Tuesday, 29 August 2017

Dog's Vomit!


A great find from a Community Science volunteer - This yellow blob is actually 'Mucilago crustacea' a slime mould known as dog's vomit (or dog's snot)! 

It was photographed by Julian Barber as he helped with the annual vegetation monitoring at our site on the Roaches in the South West Peak. 

Dog's vomit encrusts over vegetation -  starting off this almost luminous yellow colour, before turning white and then black within 24 hours as the spores mature.

Wednesday, 19 July 2017

Photo competition display - on tour!

Images on display in Bakewell Gallery

A display of the winning, runner-up and selected short-listed photos from our 'water in the uplands' themed photographic competition is now touring venues throughout the summer and into autumn. You can visit the exhibition at the venues below; and we will add more dates to the list when new venues are confirmed.

26th May - 9th June: Gallery Oldham
9th June - 23rd June: Totley Library
23rd June - 7th July - Bakewell Tourist Information Centre
7th July - 21st July - Sheffield Central Library
21st July - 4th August - Marsden Moor Exhibition Centre (National Trust)
4th August - 18th August - Brownhill Countryside Centre, Greater Manchester
18th August - 1st September - Hayfield Library
1st September - 15th September - University of Sheffield -Western Bank Library
15th September - 23rd September - Edale Visitor Centre and 'BogFest'

Wednesday, 28 June 2017

Community Science wildlife records 2016 - an overview


During 2016, Community Science received sightings of 6324 individual animals via our 'casual record' surveys; that is: birds (curlew, red grouse and swallow); butterflies (peacock, orange tip and green hairstreak); mountain hares, brown hares and rabbits; and ring ouzel and redwing.


The majority of sightings - 4322 - were from the birds survey, but 300 butterflies were seen along with 893 hares and rabbits, and 809 ring ouzels or redwings.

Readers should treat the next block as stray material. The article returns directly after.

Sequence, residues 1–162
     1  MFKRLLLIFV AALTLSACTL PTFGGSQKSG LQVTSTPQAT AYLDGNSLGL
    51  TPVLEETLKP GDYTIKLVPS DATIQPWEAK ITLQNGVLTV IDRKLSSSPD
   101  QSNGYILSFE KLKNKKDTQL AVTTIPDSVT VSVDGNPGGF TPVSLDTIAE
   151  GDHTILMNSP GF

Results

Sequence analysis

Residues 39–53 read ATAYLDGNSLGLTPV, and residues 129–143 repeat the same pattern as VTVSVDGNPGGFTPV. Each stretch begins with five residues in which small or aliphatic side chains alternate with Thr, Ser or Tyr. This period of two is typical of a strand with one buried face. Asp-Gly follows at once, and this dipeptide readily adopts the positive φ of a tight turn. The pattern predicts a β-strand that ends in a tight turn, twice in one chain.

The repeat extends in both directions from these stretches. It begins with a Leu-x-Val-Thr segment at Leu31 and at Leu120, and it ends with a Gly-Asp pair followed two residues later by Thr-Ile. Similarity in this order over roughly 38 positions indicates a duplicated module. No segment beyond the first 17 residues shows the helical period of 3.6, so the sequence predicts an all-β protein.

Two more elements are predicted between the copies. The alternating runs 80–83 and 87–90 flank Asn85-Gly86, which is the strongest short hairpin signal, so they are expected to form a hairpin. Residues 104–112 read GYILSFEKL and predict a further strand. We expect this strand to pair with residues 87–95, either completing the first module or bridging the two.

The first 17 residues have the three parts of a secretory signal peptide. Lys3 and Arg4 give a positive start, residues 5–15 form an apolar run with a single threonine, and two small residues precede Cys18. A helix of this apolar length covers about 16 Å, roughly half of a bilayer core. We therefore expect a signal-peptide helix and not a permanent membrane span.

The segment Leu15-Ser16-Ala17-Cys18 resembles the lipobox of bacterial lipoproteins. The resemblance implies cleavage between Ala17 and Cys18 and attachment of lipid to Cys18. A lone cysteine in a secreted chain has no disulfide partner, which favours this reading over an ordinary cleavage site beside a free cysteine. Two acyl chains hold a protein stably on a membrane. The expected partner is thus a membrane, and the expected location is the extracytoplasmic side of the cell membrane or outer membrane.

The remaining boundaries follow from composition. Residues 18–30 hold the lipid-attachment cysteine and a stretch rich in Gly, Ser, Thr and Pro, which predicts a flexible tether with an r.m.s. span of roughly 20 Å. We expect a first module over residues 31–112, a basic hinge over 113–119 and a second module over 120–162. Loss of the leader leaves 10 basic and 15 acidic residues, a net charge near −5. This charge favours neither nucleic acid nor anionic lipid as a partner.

The map below shows the distribution of these records across our project area - the Peak District and South Pennines. The blue line is the boundary of the Peak District National Park, and the purple shape is the SAC (Special Area of Conservation) designated as internationally important for the habitats it contains - including blanket bog.


The light blue dots show where sightings of these individual animals came from (note that each dot could represent more than one individual animal, for example if someone saw 10 swallows in a particular place) and it is interesting to note that generally, the sightings broadly match the SAC shape, especially in the Dark Peak area.

The red dots, added for comparison, show where we distributed freepost postcards asking for people to send in sightings (sightings were also submitted via our website and the MoorWILD app). These hint at the correlation between location of sightings and distribution of postcards - underlining the limits of 'casual' surveys such as these.

Nevertheless, there are some useful and interesting things which the data can reveal: During 2016 the casual ring ouzel sightings helped to inform where surveyors looked when conducting an extensive breeding bird survey of the Eastern Moors area. The distribution of hares, and the correlation between mountain hare coat colour and snowfall has fed into a PhD on the subject of 'seasonal crypsis' in that species.

In the longer term, we'll be able to see if the dates certain species are first sighted in a year (for example emergence of green hairstreak butterfly, or the return of curlews to their moorland breeding areas) are shifting - and whether this fits into a pattern of earlier springs which are predicted to occur as our climate changes.

To find out more about current climate change research, please see some of the links we've gathered together on our webpage.








Friday, 26 May 2017

Work placement with Community Science



Guest blog post by Ellie Shaw
 
I chose to come to Moors for the Future Partnership for my work experience, working with the Community Science team I have seen and taken part in a large range of activities and developed lots of skills.

I have listened to talks about what Moors for the Future do and how they do it and have attended a bumblebee training session in Todmorden where, with a few other members of the local community, we learnt how to identify and record the different types of bees.